KESH spokesman Dritan Ylli points out the progress made in the last two years. According to him, skilful management and the increase in the payment-rate of 80 percent have induced the donors to untie their money-bags. "The job done in the past two years has encouraged the donors and as a result the sum of $100 million, frozen since 1998, was allotted", says Ylli. The money assigned by Brussels was employed for the reconstruction of the power infrastructure. The Albanian government, although having subsidized KESH with 5 billion leke, is nevertheless prepared to import a certain amount of the needed electricity. But, the power grid is outdated and its capacity is limited.

One of the major afflictions burdening the country’s power supply situation for a long time now is the customary reluctance of Albanian consumers to settle their accounts. At the start of 1997, only a half of the population paid for the power spent. In the meantime, EEK was transformed into a commercial enterprise, meaning that the "goods" delivered had to be paid for if bankruptcy was to be avoided. Debtors were penalized. A special "power-police" task force was founded with the sole task of dealing with debtors.

Dr. Zef Preci, former Minister of Public Economy and Privatization, presently Director of the Economic Policy Institute, believes that the best way of collecting outstanding debts is by compiling a list of debtors employed in the governmental and public sector. This would allow for all listed as debtors to be denied the right of being issued any governmental certificates or diplomas before settling what they owe. While this would certainly be beneficial to KESH, it would still not do away with the crisis. The State Energy Minister points out that the solution of the problem and the attainment of standard parameters call for a long-term strategy extending to a 20-year period. He claims that is what he is working on at the moment. On the other hand, perhaps all is not as grim as it may seem. According to the KESH spokesman, lights will not go out at all - in three-years time. When the hydro-power plants in Bushot in the north and the Kalivaqi plant in Tepeleni in the south are built and when the plant in Korci in the southeast of the country starts production. All of the above mentioned projects are in progress, but it will take three years to carry them out. Up to that time, lights will continue to go out daily.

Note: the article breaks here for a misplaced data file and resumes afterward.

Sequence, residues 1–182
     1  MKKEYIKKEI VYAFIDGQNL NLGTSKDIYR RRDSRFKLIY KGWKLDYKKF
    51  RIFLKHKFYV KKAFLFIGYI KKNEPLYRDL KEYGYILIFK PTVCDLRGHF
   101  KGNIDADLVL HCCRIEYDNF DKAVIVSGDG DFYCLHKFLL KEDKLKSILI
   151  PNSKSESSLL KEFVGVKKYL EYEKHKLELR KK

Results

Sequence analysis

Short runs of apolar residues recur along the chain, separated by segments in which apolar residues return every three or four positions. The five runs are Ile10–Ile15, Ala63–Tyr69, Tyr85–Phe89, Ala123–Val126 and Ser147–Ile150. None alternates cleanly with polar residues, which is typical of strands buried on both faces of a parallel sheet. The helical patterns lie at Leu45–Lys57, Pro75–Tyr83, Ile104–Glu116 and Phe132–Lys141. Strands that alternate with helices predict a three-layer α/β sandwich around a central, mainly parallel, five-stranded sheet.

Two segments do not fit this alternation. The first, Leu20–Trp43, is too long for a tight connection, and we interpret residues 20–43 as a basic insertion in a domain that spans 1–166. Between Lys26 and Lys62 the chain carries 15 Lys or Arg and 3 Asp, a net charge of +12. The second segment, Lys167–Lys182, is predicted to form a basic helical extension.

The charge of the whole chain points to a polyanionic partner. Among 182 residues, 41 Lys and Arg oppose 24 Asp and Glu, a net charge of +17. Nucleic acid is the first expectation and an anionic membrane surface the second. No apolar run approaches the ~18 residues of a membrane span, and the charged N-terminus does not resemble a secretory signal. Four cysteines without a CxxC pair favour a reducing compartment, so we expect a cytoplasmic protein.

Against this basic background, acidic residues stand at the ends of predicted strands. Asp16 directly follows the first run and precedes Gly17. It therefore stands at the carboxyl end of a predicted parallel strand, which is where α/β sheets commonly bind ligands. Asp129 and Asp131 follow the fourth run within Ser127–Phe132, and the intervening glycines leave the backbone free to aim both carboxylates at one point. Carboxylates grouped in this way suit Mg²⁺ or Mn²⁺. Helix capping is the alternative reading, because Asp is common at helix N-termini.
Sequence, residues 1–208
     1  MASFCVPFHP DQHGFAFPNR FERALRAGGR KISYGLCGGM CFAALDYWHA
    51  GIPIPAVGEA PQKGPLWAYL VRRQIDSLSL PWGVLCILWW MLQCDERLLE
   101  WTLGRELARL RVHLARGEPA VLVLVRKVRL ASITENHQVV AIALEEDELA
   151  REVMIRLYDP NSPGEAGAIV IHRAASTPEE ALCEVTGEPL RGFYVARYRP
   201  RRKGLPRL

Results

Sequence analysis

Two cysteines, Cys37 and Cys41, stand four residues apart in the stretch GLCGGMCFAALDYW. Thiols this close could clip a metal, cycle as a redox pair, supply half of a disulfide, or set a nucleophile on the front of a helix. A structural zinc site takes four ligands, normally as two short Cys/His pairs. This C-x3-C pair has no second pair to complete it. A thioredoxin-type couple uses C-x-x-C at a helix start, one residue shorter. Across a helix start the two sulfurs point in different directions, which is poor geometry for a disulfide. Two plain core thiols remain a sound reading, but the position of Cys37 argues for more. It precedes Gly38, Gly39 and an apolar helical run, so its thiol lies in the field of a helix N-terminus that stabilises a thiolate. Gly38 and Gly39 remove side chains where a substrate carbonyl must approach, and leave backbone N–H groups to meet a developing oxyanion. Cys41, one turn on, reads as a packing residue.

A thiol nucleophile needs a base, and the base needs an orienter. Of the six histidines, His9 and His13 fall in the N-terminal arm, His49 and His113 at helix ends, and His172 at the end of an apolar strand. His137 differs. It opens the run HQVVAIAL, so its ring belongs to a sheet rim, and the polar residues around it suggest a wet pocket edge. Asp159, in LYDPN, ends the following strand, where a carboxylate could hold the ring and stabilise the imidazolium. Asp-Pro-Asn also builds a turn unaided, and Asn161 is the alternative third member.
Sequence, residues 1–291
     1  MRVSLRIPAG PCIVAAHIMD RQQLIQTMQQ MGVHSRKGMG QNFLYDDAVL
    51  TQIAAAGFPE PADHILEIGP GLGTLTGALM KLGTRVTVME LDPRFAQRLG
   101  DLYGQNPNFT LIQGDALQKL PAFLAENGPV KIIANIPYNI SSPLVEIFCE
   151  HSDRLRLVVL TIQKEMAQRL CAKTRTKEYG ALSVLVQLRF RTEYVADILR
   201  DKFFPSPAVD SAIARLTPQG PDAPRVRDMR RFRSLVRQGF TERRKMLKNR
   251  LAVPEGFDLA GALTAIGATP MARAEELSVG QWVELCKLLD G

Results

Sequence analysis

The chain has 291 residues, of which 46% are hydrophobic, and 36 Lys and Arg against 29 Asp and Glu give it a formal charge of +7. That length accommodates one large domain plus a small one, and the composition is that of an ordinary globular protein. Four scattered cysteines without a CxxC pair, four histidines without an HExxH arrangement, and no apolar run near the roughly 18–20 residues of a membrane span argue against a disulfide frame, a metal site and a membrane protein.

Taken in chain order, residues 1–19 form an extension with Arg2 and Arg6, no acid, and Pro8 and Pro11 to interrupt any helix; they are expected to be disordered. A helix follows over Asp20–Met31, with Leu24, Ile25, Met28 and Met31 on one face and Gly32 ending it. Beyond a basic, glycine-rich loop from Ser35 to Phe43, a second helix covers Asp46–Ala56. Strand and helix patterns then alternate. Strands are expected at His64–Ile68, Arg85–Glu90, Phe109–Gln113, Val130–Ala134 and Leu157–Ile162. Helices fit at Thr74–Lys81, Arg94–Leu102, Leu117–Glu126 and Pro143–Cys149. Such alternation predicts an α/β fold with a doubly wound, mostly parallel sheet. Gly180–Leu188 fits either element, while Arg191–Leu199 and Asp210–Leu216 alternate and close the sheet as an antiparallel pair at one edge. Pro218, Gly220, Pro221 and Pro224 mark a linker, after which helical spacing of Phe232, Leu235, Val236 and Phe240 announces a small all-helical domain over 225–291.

The crisis reached its peak at the end of last year when, after a long draught, the most powerful power plant in the country broke down. At the time, power cuts in the capital lasted up to eight hours. In the interior, entire regions had no more than eight hours of electricity per day. The State Energy Minister promises that blackouts will not be as frequent this winter. In the meantime, accustomed to putting up with all sorts of things, this year too Albanians will tacitly go on buying candles.

AIM Tirana